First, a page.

Senate Revenue and Taxation Committee Chairman Jonathan Dismang, R-Searcy, introduced the plan, which is in Senate Bill 211, Wednesday afternoon. House Revenue and Taxation Committee chairman Joe Jett, R-Success, is the bill's House sponsor. Hendren and Shepherd are co-sponsors.

House Democratic leader Charles Blake of Little Rock said Democrats plan to propose an alternative proposal that would create a state earned income tax credit with a lesser impact on revenue. But similar legislation failed to clear the Legislature in recent years.

The governor's plan is too focused on high-income earners, while also posing too great a hit to state funding for services, he said.

"We're still concerned as a caucus that this is not the smart tax relief that Arkansans need," Blake said.


Hutchinson said Arkansas has to compete with surrounding states for industry and capital and to retain talent.

Dropping the top rate from 6.9 percent to 5.9 percent will allow the state to be competitive, he said.

He said his 5.9 plan wouldn't reduce revenue as much as the previous version because "on the upper bracket, we reduced the benefit to the higher-income earners.

"The rate goes down, but some of the incremental brackets are not reduced and so that saved us on cost. It gets us to 5.9 percent quicker, and it achieves the goal of flattening that rate," he said.

The latest plan also doesn't reduce the number of individual income tax tables from three to one nor does it increase the standard deduction for married and single taxpayers as his previous plan did.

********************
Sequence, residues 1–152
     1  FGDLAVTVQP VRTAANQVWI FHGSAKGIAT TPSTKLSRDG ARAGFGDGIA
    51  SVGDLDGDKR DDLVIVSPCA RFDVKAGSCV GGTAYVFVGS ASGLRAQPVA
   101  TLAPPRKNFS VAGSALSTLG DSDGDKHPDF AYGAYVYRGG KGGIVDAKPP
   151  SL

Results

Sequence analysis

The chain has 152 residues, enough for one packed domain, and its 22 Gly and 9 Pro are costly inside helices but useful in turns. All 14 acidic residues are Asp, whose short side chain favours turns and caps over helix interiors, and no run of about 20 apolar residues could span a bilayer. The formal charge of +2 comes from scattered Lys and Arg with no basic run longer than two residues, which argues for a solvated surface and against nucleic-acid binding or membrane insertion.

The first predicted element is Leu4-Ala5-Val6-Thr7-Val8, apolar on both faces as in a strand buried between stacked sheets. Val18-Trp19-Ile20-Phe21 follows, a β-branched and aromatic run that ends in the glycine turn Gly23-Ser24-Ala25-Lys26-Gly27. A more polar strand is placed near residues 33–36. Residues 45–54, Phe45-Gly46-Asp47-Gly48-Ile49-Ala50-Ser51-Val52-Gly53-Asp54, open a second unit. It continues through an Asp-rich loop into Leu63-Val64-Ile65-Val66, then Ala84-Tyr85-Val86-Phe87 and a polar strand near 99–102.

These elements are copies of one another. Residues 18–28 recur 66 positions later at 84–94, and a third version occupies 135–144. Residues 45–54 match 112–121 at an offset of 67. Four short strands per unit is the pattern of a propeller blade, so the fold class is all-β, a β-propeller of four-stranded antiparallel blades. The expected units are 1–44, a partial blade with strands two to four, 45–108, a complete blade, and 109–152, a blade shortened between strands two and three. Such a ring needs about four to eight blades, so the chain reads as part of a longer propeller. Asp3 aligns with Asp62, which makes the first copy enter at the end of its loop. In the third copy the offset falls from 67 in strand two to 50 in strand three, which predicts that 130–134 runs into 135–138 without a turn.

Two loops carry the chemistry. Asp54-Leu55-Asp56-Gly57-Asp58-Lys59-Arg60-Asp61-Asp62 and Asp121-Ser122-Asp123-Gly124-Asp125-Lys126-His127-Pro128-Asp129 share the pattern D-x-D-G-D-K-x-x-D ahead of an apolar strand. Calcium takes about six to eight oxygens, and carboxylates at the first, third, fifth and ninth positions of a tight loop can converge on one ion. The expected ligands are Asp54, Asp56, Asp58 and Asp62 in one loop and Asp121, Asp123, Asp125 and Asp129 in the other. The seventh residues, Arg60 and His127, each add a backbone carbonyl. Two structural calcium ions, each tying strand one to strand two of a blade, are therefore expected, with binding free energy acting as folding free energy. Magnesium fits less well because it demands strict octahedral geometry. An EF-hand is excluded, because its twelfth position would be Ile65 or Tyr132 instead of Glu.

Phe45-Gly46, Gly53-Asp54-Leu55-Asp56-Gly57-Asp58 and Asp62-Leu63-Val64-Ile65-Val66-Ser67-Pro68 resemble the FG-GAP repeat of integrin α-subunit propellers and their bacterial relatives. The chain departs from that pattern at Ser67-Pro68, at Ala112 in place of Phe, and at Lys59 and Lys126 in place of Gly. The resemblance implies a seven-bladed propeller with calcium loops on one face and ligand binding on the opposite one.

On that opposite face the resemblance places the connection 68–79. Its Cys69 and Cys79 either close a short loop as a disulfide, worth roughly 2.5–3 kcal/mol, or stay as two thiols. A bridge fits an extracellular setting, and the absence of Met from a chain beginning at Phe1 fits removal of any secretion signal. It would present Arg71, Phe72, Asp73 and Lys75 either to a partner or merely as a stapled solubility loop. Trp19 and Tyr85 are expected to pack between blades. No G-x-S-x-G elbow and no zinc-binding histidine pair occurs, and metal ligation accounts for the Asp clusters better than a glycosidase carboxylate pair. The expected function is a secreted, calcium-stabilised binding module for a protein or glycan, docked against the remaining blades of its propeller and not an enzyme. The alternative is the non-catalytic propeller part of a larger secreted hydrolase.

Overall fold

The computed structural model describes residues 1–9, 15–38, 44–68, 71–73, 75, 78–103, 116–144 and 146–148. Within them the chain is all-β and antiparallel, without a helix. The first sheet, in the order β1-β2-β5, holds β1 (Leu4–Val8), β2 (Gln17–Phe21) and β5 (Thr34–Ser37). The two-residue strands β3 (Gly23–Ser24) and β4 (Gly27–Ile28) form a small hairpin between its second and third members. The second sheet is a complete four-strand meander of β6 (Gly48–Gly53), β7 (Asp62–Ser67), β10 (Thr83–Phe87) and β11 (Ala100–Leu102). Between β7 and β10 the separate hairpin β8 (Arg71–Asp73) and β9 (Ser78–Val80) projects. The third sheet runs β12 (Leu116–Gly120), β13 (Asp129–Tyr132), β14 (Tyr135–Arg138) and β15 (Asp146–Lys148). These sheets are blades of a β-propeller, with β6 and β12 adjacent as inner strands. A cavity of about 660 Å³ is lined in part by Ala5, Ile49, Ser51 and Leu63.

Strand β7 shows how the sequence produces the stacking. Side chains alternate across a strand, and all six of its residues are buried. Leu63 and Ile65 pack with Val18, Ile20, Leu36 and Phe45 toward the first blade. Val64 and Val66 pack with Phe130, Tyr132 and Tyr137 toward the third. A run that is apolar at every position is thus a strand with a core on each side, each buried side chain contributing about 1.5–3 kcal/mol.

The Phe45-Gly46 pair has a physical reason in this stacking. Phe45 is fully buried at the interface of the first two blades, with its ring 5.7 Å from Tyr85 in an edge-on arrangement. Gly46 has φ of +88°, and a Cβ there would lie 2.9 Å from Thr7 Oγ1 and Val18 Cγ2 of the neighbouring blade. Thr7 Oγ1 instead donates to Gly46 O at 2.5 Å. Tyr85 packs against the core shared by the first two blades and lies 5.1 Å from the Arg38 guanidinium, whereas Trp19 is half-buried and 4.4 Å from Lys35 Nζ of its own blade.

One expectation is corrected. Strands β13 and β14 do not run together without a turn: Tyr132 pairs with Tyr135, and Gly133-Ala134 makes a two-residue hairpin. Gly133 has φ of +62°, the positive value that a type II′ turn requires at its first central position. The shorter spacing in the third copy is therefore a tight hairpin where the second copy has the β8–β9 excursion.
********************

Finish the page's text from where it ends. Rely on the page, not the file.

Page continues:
"When we increased the standard deduction [in the 2-4-5.9 plan], that cost a significant amount of money and that was why that number was much higher, like $190 million," said Larry Walther, director of the finance department.

According to the governor's office, a three-fourths vote would be required for approval of his "5.9 plan" in the 100-member House and 35-member Senate because certain rates in the upper-income tax table would be increased.

In calculating a person's income tax, the state applies different rates to different parts of the person's income.

In the current upper-income tax table for people who make more than $80,500 a year, the state levies:

• A 0.9 percent rate for income between zero and $4,599.

• 2.5 percent on income between $4,600 and $9,099.

• 3.5 percent on income between $9,100 and $13,699.

• 4.5 percent on income between $13,700 and $22,499.

• 6 percent on income between $22,500 and $37,699.

• 6.9 percent on income of $37,700 and above.

In the latest proposal, the rates for that same level of income would be:

• 2 percent on income between zero and $4,000.

• 4 percent on income between $4,000 and $8,000.

• 5.9 percent rate on income above $8,000.

Shepherd said seeking votes of 75 representatives will be more challenging than trying to round up a simple majority.

The House has 76 Republicans and 24 Democrats. The Senate has 26 Republicans and nine Democrats.

"This proposal kind of finds a sweet spot there as far as providing tax relief, but in a fashion that even those that maybe have some concern [about it], I think we are going to be able to build that support," the speaker said. "I am very optimistic we'll be able to get this done."


Hutchinson said his plan is projected to reduce revenue by about $25.6 million in fiscal 2020 and it's in line with his proposed general revenue budget and reserve funds needs.

"It is absorbable by our growth and the existing budget that we have presented," Hutchinson said.